There's an article in World Trademark Review entitled We're running out of good trademarks. It's based on a study that was conducted by academics from the New York University School of Law and published in the Harvard Law Review under the name Are we running out of trademarks? An empirical study of trademark depletion and congestion. The study confirms what all trademark lawyers know, that it's becomingly increasingly difficult to clear and register trademarks because there are simply too many of them about. There's nothing new in this – Richard Jenkins wrote about the problem more than 20 years ago.
The study is limited to the US Registry and the numbers look like this: 81% of the 1000 most-frequently used words in American-English, 62% of the 10 000 most-frequently used words, and 23.5% of the 86 408 most-frequently used words are registered as single-word trade- marks. That surely leaves a lot of words free for use and registration? Not really. The roughly 20 300 words that make up the 23.5% of the 86 408 most frequently-used words account for 74% of all word usage. And words that remain free for use and registration don't really lend themselves to shifting goods or services – they're unsexy words like disease, died, older, violence, least, drugs and husband.
The study seems to acknowledge that this congestion does at least force marketing people to become a little more creative, thereby weaning themselves off that irritating (but understandable) dependence on at least semi-descriptive or semi-laudatory words. Hence the emergence of businesses like Zoopla and Zillow. Or, as the study says,
'almost comically obtuse' names like Glog, Lunk and Zooth. But the study does suggest that this trend of companies seeking "to distinguish themselves by the relative awkwardness of their brand names...cannot be an effective strategy for all new trademark registrants".
So what now? Some argue that, as a result of various political and economic developments, English is likely to reduce in global significance, which will presumably lead to a decreased interest in English-language brand names. The study makes some suggestions, such as hiking renewal the need to establish intent or actual use (as the case may be) for all the goods or services covered; a regular proof-of-use requirement; even a return to the old days of protection limited to the actual goods or services covered.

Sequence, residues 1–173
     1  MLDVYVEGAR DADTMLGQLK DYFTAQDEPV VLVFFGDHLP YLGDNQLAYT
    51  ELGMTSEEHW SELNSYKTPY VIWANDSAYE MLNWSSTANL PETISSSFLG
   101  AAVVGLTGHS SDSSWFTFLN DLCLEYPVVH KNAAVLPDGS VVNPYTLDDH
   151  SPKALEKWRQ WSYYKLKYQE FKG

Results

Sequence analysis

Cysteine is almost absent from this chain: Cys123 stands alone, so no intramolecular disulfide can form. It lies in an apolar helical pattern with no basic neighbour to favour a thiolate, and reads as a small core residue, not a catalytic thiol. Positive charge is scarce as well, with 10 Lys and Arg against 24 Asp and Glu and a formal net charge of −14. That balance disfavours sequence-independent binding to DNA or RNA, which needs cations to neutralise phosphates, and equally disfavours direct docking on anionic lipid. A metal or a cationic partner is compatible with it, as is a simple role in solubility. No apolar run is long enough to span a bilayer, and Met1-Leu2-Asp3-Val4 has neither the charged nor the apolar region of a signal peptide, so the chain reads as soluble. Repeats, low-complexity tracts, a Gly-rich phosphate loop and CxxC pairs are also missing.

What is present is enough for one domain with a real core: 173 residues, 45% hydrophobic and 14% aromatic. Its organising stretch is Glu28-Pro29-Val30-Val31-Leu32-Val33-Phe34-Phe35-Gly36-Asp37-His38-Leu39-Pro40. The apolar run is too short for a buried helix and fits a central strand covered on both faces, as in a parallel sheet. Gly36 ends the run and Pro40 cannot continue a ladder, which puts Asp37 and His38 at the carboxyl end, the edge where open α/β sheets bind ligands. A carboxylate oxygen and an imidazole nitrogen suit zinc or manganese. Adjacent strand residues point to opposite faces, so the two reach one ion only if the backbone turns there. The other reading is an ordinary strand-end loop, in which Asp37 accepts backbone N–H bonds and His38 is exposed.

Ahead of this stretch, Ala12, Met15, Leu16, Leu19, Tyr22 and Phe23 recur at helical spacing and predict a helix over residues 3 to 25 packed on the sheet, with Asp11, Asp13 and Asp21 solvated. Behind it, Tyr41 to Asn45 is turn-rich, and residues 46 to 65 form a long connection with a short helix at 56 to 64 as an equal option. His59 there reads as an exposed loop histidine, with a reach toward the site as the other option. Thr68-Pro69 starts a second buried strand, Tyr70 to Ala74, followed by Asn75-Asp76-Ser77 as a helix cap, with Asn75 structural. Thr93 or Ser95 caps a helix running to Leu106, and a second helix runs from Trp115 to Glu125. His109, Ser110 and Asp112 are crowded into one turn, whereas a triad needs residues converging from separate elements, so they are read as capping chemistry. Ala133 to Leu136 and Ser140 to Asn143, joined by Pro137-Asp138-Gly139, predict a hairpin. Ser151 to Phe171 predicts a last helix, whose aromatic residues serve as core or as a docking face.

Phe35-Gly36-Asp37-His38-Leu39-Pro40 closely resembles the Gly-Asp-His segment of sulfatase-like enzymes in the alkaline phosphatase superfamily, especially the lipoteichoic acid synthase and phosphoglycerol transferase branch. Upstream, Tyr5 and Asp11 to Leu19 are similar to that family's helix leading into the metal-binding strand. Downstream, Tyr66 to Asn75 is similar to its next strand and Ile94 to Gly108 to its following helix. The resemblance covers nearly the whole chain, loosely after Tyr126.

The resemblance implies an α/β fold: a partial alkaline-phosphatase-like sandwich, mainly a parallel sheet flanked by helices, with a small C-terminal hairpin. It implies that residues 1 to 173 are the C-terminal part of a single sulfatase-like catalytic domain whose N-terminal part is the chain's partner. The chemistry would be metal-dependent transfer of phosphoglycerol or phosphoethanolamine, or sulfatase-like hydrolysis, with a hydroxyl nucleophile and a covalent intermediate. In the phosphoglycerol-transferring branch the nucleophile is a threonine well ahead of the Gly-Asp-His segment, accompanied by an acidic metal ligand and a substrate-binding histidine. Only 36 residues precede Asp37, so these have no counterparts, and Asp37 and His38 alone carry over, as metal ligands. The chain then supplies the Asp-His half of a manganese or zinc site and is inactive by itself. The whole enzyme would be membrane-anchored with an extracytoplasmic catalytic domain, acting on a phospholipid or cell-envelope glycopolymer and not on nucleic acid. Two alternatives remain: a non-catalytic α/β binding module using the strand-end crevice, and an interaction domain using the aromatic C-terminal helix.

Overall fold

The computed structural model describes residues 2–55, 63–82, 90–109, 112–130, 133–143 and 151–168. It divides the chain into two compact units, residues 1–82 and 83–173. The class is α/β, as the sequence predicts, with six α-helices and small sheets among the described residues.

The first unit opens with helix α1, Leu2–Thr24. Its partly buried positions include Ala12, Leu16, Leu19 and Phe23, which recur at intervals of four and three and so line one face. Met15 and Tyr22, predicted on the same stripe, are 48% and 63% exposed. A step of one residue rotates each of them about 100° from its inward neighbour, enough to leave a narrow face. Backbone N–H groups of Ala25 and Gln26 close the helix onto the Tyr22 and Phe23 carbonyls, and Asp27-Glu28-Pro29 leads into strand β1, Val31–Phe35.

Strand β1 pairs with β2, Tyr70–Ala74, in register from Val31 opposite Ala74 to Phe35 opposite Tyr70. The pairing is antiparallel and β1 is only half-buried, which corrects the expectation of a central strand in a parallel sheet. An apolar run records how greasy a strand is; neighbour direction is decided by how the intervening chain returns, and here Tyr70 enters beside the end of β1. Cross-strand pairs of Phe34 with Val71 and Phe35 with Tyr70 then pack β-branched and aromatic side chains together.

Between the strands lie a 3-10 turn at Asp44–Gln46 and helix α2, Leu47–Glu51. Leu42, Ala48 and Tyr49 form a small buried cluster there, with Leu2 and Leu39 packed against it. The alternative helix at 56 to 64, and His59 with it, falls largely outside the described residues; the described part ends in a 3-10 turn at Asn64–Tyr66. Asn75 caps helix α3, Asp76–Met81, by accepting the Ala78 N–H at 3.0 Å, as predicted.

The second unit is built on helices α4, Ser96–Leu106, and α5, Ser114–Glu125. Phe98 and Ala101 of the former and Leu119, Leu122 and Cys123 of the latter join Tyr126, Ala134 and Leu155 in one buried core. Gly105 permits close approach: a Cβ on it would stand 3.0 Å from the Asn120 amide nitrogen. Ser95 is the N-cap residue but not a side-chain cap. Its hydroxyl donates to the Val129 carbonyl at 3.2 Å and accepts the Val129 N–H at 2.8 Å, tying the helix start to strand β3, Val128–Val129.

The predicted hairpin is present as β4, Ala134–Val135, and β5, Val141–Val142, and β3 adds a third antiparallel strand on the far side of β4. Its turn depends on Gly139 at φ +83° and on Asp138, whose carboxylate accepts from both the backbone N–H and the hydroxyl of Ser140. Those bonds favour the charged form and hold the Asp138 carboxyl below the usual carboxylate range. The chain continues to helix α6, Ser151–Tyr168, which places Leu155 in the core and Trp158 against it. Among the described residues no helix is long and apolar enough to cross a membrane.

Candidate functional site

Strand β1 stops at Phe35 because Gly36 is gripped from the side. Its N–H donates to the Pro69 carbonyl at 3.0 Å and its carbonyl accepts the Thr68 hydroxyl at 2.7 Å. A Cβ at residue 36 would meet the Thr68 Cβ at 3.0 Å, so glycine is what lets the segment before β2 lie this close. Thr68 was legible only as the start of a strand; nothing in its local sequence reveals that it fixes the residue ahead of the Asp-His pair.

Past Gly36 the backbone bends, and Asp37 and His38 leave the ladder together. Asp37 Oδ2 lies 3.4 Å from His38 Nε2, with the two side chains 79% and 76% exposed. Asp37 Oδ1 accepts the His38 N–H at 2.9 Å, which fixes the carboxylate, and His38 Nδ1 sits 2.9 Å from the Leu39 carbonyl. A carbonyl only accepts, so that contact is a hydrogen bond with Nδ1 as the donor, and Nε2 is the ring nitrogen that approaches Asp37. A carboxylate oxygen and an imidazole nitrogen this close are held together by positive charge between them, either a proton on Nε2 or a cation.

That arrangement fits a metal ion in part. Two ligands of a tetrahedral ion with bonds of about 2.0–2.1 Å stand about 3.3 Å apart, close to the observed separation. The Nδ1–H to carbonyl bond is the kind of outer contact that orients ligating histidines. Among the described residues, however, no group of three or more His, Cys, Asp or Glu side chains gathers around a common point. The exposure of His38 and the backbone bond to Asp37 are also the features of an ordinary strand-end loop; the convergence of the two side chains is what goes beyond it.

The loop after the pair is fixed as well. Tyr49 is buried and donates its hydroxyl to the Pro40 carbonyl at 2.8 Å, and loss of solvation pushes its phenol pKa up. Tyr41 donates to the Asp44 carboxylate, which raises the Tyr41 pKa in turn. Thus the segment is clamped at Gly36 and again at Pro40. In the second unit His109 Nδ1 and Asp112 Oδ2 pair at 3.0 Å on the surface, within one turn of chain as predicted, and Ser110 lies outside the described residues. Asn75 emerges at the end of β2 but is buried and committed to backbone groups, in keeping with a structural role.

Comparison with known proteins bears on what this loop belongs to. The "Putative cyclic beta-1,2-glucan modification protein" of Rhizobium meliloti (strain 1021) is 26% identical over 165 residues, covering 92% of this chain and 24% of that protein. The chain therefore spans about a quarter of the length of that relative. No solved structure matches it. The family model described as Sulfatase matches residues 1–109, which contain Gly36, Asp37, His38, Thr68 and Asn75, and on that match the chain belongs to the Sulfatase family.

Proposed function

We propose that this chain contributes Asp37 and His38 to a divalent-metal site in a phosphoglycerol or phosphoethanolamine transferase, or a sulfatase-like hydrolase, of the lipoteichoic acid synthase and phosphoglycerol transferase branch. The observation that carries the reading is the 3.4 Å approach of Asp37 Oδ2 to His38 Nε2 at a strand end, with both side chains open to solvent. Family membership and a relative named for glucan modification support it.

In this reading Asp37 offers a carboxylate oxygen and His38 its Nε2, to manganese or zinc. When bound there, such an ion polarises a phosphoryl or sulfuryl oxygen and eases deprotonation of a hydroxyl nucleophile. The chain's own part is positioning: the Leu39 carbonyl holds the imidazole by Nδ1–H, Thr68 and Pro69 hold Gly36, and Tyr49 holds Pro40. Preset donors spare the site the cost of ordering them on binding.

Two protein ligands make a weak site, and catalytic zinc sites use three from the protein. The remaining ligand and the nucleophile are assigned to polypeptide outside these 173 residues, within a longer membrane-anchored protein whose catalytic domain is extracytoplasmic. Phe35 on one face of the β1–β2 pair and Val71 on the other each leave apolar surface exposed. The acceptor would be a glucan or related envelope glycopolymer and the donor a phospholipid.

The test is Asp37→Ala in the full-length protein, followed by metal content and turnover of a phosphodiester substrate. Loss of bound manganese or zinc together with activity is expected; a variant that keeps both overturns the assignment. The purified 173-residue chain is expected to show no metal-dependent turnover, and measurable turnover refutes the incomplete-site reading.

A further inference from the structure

There would be opposition for sure. Small business would baulk at increases in costs. Big brand owners would object to reduced protection. Trademark lawyers wouldn't be happy with changes that resulted in fewer registrations. But this is an issue that should be addressed.
There's a lot of talk in South Africa of expropriation, of amending the property clause in the Constitution to allow for expropriation of property
without compensation. The focus is on immovable property, particularly farmland. But one political commentator, Terence Corrigan, has remarked on the fact that the property clause isn't limited to immovable property, that it extends to all forms of property including intellectual property (IP) – indeed, in the famous Laugh-it-Off case the Constitional Court had to balance the right to property (in that case trademarks) with the right to freedom of expression.
So could IP rights really be expropriated without compensation? One hopes not, the international repercussions would be severe – in the extremely international and inter-connected world that is IP, a move like this would place South Africa in pole position for the title of The North Korea of IP – marginally ahead of North Korea itself!
And in what circumstances could expropriation of IP conceivably occur? I suppose it's possible that Cyril's thinking, "Hey, here's a chance to actually acquire the McDonald's trademark in SA, the one that I previously only had a licence to", but let's assume that his mind is on bigger things. The most likely scenario would be patents (possibly a pharmaceutical patent), with the justification being that it was being used to deprive people of something they can't do without. But there are already compulsory licensing provisions in the Patents Act, which deal with various situations such as demand that isn't being met and excessive pricing. I don't see it happening!
A recent Nigerian Trademark Journal reveals that Donald J Trump has filed applications to register the trademark Trump in Nigeria in respect of a range of business, financial, building, entertainment and hospitality services.
The message from the leader of the Free World seems to be as follows:
Shithole countries, don't give me your tired, your poor, your huddled masses... just give me your money.
Muhlberg, is an SA, UK and EU qualified IP lawyer. He presently finds himself in Europe, offering consulting and content writing services to various law firms. email@example.com